Early this month, at the invitation of Rick Warren, Obama spoke to a hall full of conservative Christian evangelical activists gathered at Saddleback Church in Orange County. Warren, author of the bestseller "The Purpose Driven Life," is among the most successful and popular preachers in the world. Saddleback is his city on a hill, a sprawling campus set above the smooth, clean boulevards of the most suburban of places. His is the kind of congregation where Warren's joke about the authoritarian rule of suburban homeowners associations brings a knowing laugh.
It is definitely not the sort of place you would expect a liberal big-city Democrat to feel at home.
Warren has an aphoristic style of preaching. Remarking on opposing political inclinations, he said: "People ask, 'Pastor Rick, are you right-wing or left-wing?' I'm for the whole bird. One-winged birds fly in circles."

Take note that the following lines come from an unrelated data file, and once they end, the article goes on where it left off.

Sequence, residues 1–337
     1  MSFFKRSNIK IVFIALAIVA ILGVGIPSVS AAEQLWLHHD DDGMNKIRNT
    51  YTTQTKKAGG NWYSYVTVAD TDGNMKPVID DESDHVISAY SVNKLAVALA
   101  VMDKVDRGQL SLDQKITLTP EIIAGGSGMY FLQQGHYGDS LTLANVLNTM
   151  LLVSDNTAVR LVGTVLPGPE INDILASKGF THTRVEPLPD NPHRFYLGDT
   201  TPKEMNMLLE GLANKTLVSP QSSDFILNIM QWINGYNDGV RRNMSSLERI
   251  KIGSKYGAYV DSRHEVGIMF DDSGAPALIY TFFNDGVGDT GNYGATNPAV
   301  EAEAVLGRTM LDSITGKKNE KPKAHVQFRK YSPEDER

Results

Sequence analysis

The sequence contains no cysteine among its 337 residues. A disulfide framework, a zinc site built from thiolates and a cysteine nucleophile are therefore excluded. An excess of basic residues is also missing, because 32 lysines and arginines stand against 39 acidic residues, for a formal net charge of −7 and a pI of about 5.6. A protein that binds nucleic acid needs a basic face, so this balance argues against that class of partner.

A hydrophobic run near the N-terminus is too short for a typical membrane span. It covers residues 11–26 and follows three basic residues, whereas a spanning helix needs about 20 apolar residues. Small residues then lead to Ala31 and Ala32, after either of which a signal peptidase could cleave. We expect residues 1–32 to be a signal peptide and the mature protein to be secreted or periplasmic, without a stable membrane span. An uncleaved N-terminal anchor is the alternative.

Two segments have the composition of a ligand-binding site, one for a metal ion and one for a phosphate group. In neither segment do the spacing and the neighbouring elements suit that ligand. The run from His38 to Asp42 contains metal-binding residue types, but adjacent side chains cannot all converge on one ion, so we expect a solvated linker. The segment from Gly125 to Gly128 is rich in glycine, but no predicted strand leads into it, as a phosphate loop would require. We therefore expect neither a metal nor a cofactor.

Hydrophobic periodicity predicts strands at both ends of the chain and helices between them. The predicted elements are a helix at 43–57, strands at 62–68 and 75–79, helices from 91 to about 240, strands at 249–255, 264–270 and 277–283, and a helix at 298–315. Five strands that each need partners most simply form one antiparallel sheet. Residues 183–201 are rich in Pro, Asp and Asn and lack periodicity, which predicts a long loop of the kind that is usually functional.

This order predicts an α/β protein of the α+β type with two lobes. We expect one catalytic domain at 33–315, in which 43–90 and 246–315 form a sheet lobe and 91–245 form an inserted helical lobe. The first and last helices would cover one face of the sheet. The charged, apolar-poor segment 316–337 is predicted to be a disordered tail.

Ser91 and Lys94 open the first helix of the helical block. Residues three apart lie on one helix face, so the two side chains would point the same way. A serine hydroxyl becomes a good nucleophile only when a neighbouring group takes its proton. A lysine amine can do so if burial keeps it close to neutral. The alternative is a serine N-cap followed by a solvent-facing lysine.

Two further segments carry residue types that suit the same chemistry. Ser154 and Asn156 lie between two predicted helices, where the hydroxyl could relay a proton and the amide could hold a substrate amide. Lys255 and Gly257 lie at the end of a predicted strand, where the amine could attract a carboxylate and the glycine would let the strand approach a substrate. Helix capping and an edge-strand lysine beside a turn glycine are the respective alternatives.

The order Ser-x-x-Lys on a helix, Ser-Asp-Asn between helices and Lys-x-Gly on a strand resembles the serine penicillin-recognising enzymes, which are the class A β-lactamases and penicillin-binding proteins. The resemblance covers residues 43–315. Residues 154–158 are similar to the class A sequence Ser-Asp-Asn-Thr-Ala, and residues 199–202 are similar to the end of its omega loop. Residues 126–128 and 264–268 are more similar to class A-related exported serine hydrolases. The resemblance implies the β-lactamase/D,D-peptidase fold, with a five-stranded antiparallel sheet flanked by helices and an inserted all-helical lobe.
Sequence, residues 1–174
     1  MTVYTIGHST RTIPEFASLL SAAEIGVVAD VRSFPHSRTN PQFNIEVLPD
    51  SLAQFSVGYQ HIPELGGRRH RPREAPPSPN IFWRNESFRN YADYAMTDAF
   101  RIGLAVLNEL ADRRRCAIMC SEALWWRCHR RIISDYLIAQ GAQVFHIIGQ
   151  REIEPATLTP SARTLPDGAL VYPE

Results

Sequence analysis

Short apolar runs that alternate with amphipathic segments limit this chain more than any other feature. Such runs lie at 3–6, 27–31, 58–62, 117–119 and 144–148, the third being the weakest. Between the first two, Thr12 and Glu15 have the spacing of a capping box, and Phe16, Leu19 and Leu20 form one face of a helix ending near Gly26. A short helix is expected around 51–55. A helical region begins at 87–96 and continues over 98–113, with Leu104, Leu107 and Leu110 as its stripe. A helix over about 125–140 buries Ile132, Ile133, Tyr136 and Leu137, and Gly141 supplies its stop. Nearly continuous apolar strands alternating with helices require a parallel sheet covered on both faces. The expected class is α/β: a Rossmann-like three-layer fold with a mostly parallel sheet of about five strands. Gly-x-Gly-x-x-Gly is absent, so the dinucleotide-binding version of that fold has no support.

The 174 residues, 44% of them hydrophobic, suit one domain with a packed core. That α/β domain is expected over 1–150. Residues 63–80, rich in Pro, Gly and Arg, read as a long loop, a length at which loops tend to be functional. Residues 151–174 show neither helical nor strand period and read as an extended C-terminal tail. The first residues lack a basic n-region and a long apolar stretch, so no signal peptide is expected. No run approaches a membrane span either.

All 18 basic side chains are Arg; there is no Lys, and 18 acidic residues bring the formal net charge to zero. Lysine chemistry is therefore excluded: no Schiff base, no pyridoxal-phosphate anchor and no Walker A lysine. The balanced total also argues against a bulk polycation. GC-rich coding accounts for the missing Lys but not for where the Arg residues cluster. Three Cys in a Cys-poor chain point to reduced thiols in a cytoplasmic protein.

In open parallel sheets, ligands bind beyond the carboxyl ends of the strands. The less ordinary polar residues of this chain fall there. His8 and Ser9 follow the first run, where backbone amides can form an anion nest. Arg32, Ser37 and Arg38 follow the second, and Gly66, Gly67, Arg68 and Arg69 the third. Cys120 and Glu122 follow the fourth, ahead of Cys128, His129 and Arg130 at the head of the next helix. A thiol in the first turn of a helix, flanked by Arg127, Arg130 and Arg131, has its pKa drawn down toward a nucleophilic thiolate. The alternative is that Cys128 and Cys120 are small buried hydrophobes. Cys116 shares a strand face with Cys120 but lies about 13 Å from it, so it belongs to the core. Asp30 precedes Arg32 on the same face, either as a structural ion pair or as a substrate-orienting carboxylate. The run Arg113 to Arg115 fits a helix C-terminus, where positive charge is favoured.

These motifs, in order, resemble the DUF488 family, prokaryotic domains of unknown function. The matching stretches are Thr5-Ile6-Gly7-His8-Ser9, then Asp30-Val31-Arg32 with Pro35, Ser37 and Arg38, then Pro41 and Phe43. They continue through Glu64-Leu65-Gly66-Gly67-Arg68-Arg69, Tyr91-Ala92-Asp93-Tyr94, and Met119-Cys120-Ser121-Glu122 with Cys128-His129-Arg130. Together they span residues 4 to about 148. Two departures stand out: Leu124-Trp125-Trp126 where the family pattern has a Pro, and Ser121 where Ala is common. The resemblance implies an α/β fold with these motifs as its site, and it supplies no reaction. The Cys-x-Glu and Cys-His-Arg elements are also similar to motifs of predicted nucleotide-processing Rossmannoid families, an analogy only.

To keep the bird flying straight, Warren had also invited one of Obama's Senate colleagues, Republican Sam Brownback of Kansas. Brownback is one of the most conservative members of the Senate, and a favorite of the folks who fill Warren's church.
This day, the right wing of the bird flew first. Brownback has a boyish, plain-country countenance. He knew the crowd and the place and was winning in his talk.
Brownback teased Obama about straying beyond his natural habitat. He recalled that he and Obama had spoken together previously in front of the National Assn. for the Advancement of Colored People. Just the mention of the NAACP drew a nervous chuckle from the crowd. Brownback might as well have said he had parachuted in behind enemy lines. He said he had been given a polite reception, then had yielded the stage to Obama, who received a raucous welcome, as if Elvis had come on stage.
Brownback then turned toward Obama and told him today would be different. "Welcome to my house," he said; the crowd roared.
When Obama followed Brownback to the Saddleback lectern, he thanked him, but added that he had to correct one thing the Kansan had said: Obama said he felt very much at home in Pastor Rick's church.
"Sam," he said, "this is my house too. This is God's house."
That simply and quickly, Obama was again completely at home in a room full of strangers, and they with him. - DO READ ALL OF 'WHAT IS IT ABOUT OBAMA?' FROM THE LA TIMES